Trip Report for July 14, 2023 – Gulkana Glacier to Gabriel Icefall

Hikers resting on the top of a cliff overlooking the Gabriel Icefall on the Gulkana Glacier in the Eastern Alaska Range with some fog in the air.
Resting at the cliffs overlooking the Gabriel Icefall

A great follow-up trip to the Gabriel Icefall on the Gulkana Glacier two weeks after we had to turn around early due to the amount of snow left at 4,900 feet. There’s still a lot of snow in the area for mid-July. But this time, the snowline was at approximately 5,300 feet on the main trunk of the glacier and even higher on the southwest aspect of the Gabriel Icefall branch, allowing us to get on the cliffs above for some fantastic views, albeit cloudy at times.

This time I was taking a few of my competition climbing team kids from Team Ascension and family members. There were eight of us in total, including myself. Despite the forecast for rain and scattered showers, when we arrived at 11:00 am, it was cloudy, but no precipitation. The others parked their cars near the airstrip at the pull-off on the Richardson Highway, and everyone hopped in the bed of my truck to drive in close to the suspension bridge.

Hikers crossing a long suspension foot suspension bridge over College Creek in the Alaska Range.
Crossing the suspension bridge over College Creek

At the suspension bridge, I could tell the water was probably going to be a little too high at the spot where I can often jump across Gulkana Creek (the origin of Phelan Creek) to get on the glacier. Most of us brought sandals to ford the stream anyway, but we only had three sets of trekking poles between us, something you definitely want in the fast-moving, silt-filled, and rocky streambed.

I was right. We had to ford the stream. But, we found a really easy crossing spot nearby, only about knee-deep at the deepest. Once we were across, there was a short stretch of moraine before gaining the ice, with about a 30-meter stretch of unavoidable silt mud that turned everyone’s boots and ankles grey.

hiker fording a glacier stream near the Gulkana Glacier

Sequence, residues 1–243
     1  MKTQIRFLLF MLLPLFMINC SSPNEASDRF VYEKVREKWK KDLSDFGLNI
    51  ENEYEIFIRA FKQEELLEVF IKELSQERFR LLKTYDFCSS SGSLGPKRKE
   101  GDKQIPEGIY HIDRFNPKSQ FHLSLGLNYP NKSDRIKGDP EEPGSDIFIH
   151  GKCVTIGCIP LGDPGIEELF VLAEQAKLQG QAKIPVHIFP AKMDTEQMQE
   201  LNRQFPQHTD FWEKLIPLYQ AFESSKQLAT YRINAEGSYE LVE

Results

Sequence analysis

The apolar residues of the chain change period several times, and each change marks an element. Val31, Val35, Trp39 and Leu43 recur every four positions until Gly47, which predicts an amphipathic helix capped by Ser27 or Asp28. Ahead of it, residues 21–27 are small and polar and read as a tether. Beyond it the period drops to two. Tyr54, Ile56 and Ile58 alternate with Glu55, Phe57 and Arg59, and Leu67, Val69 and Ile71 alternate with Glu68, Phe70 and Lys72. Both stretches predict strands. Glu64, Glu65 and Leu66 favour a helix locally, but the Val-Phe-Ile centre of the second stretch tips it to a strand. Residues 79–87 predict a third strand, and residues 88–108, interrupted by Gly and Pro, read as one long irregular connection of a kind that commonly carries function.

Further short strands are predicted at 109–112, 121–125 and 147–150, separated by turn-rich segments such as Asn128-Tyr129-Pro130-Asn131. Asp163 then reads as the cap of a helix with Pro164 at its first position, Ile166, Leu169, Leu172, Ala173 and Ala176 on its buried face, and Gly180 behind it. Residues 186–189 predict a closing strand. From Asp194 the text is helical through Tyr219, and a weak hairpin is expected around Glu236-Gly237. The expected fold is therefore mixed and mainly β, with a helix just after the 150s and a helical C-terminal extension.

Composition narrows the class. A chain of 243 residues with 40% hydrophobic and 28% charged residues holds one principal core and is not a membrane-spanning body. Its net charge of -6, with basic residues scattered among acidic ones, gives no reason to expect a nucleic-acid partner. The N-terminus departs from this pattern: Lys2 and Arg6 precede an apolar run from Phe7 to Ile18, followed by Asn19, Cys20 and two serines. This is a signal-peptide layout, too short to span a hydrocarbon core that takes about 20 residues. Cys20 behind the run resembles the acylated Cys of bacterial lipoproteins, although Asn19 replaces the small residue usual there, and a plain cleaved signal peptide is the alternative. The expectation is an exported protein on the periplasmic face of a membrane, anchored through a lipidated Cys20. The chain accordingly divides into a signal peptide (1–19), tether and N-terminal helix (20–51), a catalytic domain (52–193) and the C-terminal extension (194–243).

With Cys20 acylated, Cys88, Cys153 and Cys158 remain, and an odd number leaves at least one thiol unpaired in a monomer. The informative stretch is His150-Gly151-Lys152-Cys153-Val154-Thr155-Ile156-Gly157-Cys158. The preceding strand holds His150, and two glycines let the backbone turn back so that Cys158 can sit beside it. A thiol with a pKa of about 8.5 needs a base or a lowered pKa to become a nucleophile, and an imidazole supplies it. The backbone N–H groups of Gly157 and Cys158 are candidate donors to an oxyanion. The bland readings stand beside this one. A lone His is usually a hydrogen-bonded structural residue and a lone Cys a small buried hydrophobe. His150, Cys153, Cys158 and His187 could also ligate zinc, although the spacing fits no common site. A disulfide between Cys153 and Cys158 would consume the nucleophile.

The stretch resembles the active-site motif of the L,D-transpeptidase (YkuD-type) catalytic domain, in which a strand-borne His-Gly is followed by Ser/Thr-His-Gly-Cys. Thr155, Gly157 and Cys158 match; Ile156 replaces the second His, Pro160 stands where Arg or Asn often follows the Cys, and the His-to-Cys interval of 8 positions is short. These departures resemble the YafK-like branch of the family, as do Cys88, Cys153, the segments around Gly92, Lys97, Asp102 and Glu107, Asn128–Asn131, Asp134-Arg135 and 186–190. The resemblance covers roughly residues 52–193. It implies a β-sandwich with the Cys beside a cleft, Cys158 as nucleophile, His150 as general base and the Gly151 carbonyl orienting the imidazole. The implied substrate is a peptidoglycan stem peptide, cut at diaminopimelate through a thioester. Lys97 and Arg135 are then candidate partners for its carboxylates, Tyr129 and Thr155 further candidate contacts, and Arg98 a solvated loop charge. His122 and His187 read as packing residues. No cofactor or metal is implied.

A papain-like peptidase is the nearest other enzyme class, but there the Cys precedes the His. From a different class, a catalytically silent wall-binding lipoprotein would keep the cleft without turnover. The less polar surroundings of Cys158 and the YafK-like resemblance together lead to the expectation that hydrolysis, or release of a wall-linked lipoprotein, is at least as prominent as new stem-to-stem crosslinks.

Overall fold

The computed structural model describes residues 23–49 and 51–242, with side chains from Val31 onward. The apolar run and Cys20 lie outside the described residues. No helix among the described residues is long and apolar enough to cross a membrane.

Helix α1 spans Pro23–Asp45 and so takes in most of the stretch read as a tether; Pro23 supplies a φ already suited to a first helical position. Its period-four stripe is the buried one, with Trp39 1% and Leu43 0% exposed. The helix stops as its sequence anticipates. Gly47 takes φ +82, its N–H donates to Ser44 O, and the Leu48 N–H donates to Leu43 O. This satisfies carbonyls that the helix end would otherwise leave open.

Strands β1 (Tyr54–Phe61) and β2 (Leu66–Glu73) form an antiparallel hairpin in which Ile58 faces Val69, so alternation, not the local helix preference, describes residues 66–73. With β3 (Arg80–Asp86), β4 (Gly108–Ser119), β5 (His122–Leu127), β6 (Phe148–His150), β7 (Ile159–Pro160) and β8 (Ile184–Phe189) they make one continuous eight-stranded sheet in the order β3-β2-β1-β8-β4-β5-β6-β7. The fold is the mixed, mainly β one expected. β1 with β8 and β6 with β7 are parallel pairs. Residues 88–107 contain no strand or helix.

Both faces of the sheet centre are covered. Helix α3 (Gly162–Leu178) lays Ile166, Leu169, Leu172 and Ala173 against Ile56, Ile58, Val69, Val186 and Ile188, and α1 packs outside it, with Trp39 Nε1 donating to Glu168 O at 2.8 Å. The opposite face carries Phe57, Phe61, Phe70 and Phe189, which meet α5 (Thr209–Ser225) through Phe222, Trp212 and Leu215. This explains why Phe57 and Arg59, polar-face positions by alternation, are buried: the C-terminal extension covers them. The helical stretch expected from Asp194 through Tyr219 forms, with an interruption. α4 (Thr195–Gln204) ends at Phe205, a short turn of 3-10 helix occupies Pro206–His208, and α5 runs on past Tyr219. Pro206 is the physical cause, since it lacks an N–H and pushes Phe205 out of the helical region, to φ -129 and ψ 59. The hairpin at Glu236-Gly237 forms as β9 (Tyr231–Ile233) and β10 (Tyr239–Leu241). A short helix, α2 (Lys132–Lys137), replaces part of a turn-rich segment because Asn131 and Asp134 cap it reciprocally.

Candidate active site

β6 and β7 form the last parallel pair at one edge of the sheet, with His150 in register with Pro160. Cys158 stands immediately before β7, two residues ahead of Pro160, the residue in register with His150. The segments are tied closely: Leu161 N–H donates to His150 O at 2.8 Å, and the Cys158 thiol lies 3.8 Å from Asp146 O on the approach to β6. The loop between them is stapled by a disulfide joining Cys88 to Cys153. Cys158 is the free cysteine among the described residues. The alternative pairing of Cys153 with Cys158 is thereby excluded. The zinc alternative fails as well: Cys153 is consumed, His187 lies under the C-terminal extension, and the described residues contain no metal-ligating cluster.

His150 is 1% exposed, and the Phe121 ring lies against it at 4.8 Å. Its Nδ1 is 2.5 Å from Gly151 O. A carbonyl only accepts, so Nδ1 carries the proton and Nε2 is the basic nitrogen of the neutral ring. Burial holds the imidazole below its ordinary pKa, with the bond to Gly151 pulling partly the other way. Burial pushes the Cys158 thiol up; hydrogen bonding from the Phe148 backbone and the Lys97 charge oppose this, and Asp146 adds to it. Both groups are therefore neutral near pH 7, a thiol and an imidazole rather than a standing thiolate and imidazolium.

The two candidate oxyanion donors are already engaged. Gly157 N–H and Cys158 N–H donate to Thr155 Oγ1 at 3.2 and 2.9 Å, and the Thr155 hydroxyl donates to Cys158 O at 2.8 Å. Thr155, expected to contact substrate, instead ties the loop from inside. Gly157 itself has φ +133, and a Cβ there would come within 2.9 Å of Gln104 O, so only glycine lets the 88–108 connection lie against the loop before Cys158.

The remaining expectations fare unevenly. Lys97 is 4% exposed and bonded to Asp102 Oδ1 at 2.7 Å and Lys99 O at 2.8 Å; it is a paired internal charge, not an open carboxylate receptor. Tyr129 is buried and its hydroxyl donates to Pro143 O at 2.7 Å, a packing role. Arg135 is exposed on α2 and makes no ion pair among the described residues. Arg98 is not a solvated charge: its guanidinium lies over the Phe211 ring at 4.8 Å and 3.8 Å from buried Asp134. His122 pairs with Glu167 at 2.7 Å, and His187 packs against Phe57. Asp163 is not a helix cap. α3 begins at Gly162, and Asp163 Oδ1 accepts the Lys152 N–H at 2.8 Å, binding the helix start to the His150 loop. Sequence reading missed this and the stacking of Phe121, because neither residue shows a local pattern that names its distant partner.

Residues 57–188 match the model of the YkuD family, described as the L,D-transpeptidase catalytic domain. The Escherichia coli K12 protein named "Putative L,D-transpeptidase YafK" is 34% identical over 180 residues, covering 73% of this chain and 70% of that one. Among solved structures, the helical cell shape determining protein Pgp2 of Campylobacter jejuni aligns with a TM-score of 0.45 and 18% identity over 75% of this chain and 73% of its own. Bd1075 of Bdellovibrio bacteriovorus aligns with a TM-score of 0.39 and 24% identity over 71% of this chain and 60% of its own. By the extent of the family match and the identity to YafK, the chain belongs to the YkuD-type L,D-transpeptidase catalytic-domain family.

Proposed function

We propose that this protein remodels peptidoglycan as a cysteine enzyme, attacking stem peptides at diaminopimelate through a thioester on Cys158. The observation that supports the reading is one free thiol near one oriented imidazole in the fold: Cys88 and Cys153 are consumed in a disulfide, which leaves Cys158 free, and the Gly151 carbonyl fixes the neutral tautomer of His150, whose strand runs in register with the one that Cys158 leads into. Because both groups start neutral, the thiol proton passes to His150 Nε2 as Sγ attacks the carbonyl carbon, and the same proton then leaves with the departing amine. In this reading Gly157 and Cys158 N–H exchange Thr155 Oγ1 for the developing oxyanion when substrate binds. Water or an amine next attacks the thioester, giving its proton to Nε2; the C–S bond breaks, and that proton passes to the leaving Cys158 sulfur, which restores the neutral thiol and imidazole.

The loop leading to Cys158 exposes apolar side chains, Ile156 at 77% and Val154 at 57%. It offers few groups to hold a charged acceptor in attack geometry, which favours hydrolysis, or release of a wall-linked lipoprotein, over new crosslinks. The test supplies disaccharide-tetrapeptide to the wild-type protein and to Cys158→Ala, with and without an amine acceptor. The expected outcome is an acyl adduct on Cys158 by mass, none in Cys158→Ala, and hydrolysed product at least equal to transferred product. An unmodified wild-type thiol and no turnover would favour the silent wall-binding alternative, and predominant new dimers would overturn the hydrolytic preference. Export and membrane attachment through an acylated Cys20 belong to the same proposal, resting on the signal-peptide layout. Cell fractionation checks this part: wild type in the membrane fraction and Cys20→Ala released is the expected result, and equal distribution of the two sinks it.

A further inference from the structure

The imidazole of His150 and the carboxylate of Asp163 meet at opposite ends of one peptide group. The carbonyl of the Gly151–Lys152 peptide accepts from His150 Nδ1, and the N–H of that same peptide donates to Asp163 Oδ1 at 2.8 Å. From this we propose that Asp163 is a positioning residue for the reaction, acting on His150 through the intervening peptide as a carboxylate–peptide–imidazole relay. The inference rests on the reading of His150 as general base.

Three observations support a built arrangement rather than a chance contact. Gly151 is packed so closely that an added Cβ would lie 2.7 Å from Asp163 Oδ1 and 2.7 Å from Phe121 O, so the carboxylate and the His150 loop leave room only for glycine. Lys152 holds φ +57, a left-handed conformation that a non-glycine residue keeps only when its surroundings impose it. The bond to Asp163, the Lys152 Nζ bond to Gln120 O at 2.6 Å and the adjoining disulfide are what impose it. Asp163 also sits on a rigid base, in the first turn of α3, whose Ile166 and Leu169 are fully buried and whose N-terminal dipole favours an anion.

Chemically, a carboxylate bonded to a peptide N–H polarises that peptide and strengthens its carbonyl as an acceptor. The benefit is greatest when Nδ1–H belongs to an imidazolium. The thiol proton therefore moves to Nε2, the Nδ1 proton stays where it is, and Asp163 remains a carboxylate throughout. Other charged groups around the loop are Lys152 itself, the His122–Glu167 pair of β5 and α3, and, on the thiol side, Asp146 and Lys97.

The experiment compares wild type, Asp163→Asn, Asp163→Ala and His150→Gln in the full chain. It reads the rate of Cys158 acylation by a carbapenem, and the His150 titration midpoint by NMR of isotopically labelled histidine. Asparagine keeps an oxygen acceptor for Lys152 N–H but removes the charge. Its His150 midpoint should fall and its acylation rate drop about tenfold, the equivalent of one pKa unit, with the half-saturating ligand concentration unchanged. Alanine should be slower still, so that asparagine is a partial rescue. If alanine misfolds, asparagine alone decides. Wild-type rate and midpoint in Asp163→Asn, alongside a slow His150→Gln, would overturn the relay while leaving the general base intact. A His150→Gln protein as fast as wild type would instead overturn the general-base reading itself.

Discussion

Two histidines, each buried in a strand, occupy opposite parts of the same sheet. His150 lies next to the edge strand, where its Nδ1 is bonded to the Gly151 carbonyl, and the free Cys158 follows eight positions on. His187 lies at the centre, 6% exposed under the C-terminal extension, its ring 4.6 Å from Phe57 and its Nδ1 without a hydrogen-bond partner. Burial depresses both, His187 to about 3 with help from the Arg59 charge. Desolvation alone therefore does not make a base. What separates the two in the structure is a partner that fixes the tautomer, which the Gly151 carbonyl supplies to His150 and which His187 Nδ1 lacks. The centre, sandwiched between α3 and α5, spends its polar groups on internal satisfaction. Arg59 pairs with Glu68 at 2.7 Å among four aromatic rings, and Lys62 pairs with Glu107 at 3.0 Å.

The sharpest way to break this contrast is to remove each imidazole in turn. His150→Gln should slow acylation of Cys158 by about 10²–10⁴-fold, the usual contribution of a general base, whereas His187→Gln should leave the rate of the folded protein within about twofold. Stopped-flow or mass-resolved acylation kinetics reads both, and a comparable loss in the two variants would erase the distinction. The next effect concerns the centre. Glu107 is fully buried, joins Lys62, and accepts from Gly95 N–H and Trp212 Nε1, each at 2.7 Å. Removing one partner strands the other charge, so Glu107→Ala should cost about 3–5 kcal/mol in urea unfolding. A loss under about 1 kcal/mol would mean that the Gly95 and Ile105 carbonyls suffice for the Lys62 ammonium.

Fording the creek
Hikers crossing the terminal moraine through a short mudflat on the Gulkana Glacier
Crossing the mudflat

Once we were on the ice, it was slick-going. It was drizzling a bit on and off, but recent rain and chilly nights left the surface much slicker than normal for summer travel. It wasn’t too bad to walk on without foot traction, but the few that brought microspikes had a much easier time, especially on the steeper climbs and descents.

I spent some time discussing safety for summer glacier travel while at the same time looking for moulins to throw some rocks down. You can be safe while having fun at the same time.

Hikers lying down looking down an icy blue moulin on the Gulkana Glacier
Peering over the edge of a moulin
View down the moulin
Snow plugging the moulin about 20 feet down

We stopped at a few mass balance stations where I could explain how scientists measure ice melt at points near the center line of the glacier. Both the points we stopped at are in the ablation zone of the glacier, so ice melt is expected, but getting some visuals of just how much ice has melted was a bit dramatic.

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At the lowest mass balance station, 10-foot conduit sections were left behind from 2020. Laying out the poles end-to-end, as well as the still-standing poles from September 2022, was a shocking look at about how much ice melt there had been since the start of COVID. It’s not an exact representation, as it would be overestimated since a new stake (usually 20 feet of conduit) will usually be drilled shortly before the existing pole completely falls over, but still, it should be a close estimate.

Hiker standing next to mass balance poles on a glacier
Mass balance poles laid out on the ground (March 2020 to September 2022). The standing poles were drilled in September 2022, so that’s how much ice has melted this spring and summer.